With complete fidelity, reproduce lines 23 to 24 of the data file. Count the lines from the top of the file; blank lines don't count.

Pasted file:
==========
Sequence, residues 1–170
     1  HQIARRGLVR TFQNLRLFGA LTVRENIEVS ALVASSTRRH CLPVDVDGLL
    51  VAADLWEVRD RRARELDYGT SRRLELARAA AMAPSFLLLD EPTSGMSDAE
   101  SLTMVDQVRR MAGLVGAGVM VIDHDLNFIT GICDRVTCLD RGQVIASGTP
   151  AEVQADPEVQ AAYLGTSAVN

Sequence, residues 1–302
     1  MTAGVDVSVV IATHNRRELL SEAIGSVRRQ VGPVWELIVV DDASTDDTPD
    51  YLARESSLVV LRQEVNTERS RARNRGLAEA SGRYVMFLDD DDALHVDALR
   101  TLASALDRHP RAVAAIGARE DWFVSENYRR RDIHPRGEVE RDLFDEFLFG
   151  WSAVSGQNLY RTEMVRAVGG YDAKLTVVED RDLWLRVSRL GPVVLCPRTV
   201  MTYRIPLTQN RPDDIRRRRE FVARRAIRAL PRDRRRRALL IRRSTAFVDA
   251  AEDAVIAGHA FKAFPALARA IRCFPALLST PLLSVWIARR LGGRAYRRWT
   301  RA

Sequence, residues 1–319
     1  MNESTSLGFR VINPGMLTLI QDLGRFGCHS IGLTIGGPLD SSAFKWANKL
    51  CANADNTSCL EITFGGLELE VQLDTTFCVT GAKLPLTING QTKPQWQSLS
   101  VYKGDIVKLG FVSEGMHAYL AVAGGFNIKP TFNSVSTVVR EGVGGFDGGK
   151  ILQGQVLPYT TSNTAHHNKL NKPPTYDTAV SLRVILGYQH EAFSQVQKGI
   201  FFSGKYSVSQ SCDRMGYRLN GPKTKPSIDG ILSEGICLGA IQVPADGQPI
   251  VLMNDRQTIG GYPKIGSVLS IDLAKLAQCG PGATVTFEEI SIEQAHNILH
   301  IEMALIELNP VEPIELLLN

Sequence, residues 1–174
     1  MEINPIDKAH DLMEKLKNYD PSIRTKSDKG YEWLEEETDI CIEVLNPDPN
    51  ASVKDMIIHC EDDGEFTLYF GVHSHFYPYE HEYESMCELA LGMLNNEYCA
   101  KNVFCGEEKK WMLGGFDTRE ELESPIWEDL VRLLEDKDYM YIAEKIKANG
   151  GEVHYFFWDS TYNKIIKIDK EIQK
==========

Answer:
     1  MEINPIDKAH DLMEKLKNYD PSIRTKSDKG YEWLEEETDI CIEVLNPDPN
    51  ASVKDMIIHC EDDGEFTLYF GVHSHFYPYE HEYESMCELA LGMLNNEYCA